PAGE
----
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DPA Microphones Give Voice to New Exhibit at LDS Church History Museum

The Church of Jesus Christ of Latter-day Saints (LDS) recently opened a new exhibit, The Heavens Are Opened, at its Church History Museum in Salt Lake City. The exhibit includes a seven-minute short film that depicts the First Vision, an integral moment in Mormon history when Church founder Joseph Smith prayed out loud within a grove of trees asking for guidance. In an effort to immerse the audience in the recreation of Smith’s original experience in Palmyra, New York, the production team filmed in the area using 14 strategically placed d:dicate 4006A Recording and d:screet 4061 Miniature mics from DPA Microphones.

The d:dicate 4006A microphones were used in a traditional DPA Decca Tree in the grove, to support the nine cameras that were shooting a 360-degree area. Though the video was edited down to only 240 degrees to accommodate the size of the video screen in the museum, all of the recorded audio elements are featured in the exhibit.

“The massive screen is upwards of 10 feet tall and wraps most of the way around the audience,” explains Dave McDougal, sound designer of the LDS Film and Video Division. “We wanted the audio to be just as immersive as the video, but there is no music in the piece. The entire thing takes place in a grove of trees early in the morning, so we decided that the ambience of the location was going to play the biggest role for the audience.”

McDougal incorporated five of his d:dicate 4006A Omnidirectional mics in a 5.0 pattern with nine of his d:screet 4061 Omnidirectional mics as an added “height” element. “We raised the 4061s approximately 15 feet into the air in different areas of the grove, at five o’clock in the morning, to record the ambient sounds that became the basis for the film’s entire sound design,” says McDougal. “We wanted everything to sound exactly how it was when we were there. We didn’t modify it, and we didn’t want to color it; we wanted it to be as natural and as immersive as possible. From working with DPA mics in the past, I knew I could depend on the d:dicate and d:screet mics to get the job done.”

In addition to the stand holding the d:screet 4061s, McDougal also placed the DPA d:dicate Decca Tree on another microphone stand below it, roughly four feet off the ground. “We wanted a very open, clear, and natural sound, and the DPA mics provide exactly that,” McDougal explains. “They didn’t color the sound at all. They captured exactly what the grove sounded like, and they were far more sensitive than the human ear, especially with all 14 of them going at the same time. That gave us the beautiful, natural recording we were looking for.”

Palmyra was the perfect setting for the shoot. “It was really nice and pleasant,” adds McDougal. “We filmed it twice, in the spring and in the fall. In the spring, there were quite a few birds, and in the fall, it was more subdued, with some nice breezes. It was probably in the 60s in the mornings, and there was very little humidity. It was perfect for this production.”

McDougal says the team captured some remarkably nuanced textures during both shoots. “We captured the sound of the birds and the subtle winds thanks to the DPA mics,” he says. “We could even hear the leaves falling from the trees during autumn. When I was listening on my headphones, I kept thinking, ‘This place is falling down on me, what’s going on?’ I had to take off my headphones to see what I was hearing, and it was simply a leaf falling off of a tree 50 feet away from me, and the mics captured it perfectly. I unexpectedly had to wait for a train to pass that was about seven miles away that I could not hear with the naked ear. The DPAs were so sensitive, they captured everything.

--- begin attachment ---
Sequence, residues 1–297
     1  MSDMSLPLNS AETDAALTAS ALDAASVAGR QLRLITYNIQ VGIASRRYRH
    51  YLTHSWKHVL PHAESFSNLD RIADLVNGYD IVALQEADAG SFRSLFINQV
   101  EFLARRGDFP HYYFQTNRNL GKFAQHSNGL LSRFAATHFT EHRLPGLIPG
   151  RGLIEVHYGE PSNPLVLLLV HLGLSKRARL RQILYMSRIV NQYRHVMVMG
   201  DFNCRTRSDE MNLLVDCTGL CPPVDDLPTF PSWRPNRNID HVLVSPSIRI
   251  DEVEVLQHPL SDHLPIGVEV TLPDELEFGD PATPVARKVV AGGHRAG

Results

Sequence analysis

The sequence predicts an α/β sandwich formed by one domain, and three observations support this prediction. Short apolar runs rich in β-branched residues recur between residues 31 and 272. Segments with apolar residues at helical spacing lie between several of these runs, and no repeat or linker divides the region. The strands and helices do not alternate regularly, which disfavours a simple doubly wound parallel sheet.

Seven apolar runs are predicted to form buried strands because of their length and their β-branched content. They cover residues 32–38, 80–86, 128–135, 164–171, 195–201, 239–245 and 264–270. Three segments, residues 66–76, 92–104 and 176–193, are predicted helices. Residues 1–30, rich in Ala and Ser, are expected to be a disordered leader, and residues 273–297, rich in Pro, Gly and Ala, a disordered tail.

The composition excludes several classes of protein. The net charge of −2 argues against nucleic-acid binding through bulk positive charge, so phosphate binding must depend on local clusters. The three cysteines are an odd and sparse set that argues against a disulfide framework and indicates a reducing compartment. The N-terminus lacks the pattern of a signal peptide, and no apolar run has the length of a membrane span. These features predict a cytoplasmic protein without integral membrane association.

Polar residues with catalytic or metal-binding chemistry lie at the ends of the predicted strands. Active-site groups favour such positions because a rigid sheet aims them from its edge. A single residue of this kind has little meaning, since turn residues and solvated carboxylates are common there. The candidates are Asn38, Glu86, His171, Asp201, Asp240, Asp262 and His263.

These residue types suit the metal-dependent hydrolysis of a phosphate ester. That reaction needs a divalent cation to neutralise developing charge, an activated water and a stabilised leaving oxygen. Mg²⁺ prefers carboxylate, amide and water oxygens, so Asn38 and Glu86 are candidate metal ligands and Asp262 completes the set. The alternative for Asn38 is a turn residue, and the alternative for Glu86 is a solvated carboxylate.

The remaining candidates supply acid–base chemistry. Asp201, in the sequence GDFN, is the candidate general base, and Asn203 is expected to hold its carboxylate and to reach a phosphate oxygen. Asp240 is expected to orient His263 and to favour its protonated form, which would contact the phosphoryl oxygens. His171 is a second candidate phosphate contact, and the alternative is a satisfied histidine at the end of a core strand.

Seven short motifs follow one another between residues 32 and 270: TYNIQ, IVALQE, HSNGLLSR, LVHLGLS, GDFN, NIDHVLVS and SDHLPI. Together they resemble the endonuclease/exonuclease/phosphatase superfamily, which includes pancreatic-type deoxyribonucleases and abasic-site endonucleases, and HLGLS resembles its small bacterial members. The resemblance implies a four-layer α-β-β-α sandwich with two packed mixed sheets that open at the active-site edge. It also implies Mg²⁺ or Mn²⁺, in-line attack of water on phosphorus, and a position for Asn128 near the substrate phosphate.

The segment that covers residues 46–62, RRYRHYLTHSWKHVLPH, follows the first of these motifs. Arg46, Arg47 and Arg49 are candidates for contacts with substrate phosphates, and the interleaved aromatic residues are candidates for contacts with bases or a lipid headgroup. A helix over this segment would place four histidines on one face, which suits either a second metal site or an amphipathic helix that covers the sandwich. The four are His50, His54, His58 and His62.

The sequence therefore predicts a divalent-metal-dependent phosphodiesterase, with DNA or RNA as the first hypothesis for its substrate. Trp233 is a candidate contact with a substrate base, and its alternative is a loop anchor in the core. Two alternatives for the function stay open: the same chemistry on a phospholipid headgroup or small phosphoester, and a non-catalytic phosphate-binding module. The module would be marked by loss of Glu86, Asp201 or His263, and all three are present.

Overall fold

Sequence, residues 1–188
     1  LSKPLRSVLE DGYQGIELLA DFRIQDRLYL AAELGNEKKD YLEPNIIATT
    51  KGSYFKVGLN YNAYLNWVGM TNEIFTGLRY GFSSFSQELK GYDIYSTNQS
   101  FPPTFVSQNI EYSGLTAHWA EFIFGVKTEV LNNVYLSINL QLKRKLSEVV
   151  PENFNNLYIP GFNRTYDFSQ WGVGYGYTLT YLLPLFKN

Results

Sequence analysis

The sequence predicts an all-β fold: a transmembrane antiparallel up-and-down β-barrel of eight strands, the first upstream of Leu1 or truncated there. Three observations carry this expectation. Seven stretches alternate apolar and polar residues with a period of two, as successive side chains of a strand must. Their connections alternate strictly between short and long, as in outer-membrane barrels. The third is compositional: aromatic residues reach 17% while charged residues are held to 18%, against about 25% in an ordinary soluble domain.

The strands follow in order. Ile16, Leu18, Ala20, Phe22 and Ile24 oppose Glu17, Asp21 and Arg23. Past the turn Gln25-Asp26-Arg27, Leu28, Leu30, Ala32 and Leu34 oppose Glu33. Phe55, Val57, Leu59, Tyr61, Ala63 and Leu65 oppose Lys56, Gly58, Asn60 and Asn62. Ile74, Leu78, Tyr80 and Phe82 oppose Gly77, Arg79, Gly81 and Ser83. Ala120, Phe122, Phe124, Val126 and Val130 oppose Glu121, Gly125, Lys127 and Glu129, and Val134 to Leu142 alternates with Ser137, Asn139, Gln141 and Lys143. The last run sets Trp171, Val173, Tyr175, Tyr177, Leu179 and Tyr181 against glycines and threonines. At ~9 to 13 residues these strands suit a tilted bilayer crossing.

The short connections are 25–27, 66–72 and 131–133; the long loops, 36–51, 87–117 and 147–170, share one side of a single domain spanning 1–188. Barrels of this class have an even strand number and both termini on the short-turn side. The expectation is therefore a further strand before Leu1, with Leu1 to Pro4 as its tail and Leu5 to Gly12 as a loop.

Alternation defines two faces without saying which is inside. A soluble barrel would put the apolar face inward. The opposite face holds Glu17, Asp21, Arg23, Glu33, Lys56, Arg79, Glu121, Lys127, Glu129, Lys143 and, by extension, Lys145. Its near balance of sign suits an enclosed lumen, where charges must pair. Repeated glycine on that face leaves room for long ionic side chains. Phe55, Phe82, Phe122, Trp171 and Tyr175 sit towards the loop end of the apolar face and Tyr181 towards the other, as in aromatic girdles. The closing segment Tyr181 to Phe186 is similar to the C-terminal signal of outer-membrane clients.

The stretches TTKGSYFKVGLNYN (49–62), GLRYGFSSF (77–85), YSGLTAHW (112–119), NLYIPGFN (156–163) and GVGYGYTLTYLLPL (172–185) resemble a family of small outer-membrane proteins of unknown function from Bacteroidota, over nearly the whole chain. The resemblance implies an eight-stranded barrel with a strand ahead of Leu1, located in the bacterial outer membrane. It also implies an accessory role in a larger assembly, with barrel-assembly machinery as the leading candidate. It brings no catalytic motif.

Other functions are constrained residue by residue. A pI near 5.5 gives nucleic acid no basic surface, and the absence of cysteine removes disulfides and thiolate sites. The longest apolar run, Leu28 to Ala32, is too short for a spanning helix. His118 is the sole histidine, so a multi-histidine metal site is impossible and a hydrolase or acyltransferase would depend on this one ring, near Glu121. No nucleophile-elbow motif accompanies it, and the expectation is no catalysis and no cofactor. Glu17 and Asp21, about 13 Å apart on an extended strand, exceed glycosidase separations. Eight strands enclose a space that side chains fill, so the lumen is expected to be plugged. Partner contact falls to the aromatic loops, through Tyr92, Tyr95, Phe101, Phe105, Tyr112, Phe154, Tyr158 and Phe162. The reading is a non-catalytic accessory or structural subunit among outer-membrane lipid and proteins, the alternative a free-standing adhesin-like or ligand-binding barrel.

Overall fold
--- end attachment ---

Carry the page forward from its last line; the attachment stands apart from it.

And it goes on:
“I used the d:dicate 4017B Shotgun mic to capture specific birds that we could place into the mix, and a distant howling that the locals told me was a coy-dog, which hearing that over my headphones about scared me out of the forest one night. I even pointed the shotgun at my feet as I walked through the leaves and brush, that we were able to use as foley footsteps in the final mix.”

McDougal and his production team worked with the Church’s in-house engineering team to build the sound in the theater based exactly on how the mics were situated in the field and bring that immersive experience in the field to viewers in the museum. “For example, there’s a speaker directly above the heads of the audience members, which reproduces what the mics caught on the top of the stand enclosure,” he says. “The sound from the 5.0 array was played through a lower ring of speakers that were arranged in a typical 5.0 surround-sound fashion. Unfortunately, due to the constraints of the building, we couldn’t get the speakers behind the screen like you would in a typical movie theater. But, by blending upper and lower sets of speakers together, we were able to create a vertical phantom center that matched up the sounds exactly where they were on the screen.”

The Church of Jesus Christ of Latter-day Saints has long implemented DPA Microphones’ products into its productions, including live performances at the Church’s Conference Center and on its sound stages, often used for orchestral recordings for films. “We use them on almost everything we do,” McDougal says of LDS’ DPA products, which include d:dicate 4011 Cardioids and 4006 Omnis, d:screet 4061 Omnis, and the d:dicate 4017B Shotgun mic.

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